Friday, January 13, 2012
Mitt's Hot Potato
Barack Obama seems to have found Mitt Romney's petard. Now if he can only light the fuze.
The petard, or bombshell, is the issue of income inequality in America. While Harperland is doing its best to widen the gap between rich and poor, we still rank well behind our American cousins. But a recent Pew poll found that nearly two out of three Americans have clued into the reality of the class war that has overtaken their country and that it's their side that's been taking fire.
And this is where Magic Undies Romney has left himself, er, exposed. Confronted with the challenge of America's inequality crisis, the one that's fueling the Occupy movement, Romney scrambled to Republican safe ground with these politically-loaded gaffes:
"You know, I think it’s about envy. I think it’s about class warfare. When you have a president encouraging the idea of dividing America based on 99 percent versus one percent, and those people who have been most successful will be in the one percent, you have opened up a wave of approach in this country which is entirely inconsistent with the concept of one nation under God."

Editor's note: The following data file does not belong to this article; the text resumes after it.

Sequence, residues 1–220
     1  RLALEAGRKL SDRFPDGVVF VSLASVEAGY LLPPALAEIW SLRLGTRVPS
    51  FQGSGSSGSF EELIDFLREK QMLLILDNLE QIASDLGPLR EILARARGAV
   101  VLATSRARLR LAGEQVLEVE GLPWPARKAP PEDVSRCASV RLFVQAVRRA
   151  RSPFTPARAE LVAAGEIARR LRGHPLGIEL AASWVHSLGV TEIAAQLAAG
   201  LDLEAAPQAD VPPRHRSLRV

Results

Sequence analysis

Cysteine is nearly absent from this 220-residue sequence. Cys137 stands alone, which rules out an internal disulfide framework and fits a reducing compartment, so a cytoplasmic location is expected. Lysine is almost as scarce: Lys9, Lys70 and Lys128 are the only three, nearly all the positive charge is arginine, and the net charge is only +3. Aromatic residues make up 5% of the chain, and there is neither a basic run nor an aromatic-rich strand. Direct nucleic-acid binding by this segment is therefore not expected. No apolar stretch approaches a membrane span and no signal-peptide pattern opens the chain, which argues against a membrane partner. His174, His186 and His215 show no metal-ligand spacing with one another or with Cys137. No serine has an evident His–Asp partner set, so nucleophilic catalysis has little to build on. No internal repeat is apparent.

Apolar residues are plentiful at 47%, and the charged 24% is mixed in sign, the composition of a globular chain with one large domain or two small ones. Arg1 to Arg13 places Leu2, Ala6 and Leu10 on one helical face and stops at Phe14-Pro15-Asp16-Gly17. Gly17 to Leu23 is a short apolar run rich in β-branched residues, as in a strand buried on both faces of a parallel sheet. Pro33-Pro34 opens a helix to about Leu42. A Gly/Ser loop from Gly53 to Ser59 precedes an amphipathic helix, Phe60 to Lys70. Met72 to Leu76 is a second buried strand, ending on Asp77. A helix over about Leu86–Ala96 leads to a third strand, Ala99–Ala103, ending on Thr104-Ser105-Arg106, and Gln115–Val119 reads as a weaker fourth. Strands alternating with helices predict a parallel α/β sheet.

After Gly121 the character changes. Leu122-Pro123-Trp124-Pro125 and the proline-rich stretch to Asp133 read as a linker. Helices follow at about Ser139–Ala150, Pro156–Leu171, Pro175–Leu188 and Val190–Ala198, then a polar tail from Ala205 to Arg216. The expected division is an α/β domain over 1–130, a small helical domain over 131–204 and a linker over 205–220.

And he didn't hesitate to put the other shoe in his mouth either:
"I think it’s fine to talk about those things in quiet rooms and discussions about tax policy and the like. But the president has made it part of his campaign rally. Everywhere he goes we hear him talking about millionaires and billionaires and executives and Wall Street. It’s a very envy-oriented, attack-oriented approach and I think it will fail."
"Quiet rooms"? Really? Americans and their leaders shouldn't be talking about inequality in public? And talking about inequality in wealth, income and opportunity constitutes class warfare?
Oh Mitt, you've identified the target - the One Per Cent - and you've put yourself firmly in their camp (which is where you actually are in terms of your own wealth). Unfortunately that 1% doesn't yet have the political power to get you elected although they'll sure try.
Once again the Mittster reveals the political instincts of a boar hog. Public opinion on this issue seems to have already reached critical mass. It has traction. That suggests it could be a powerful theme on voters' minds come November. Oopsie!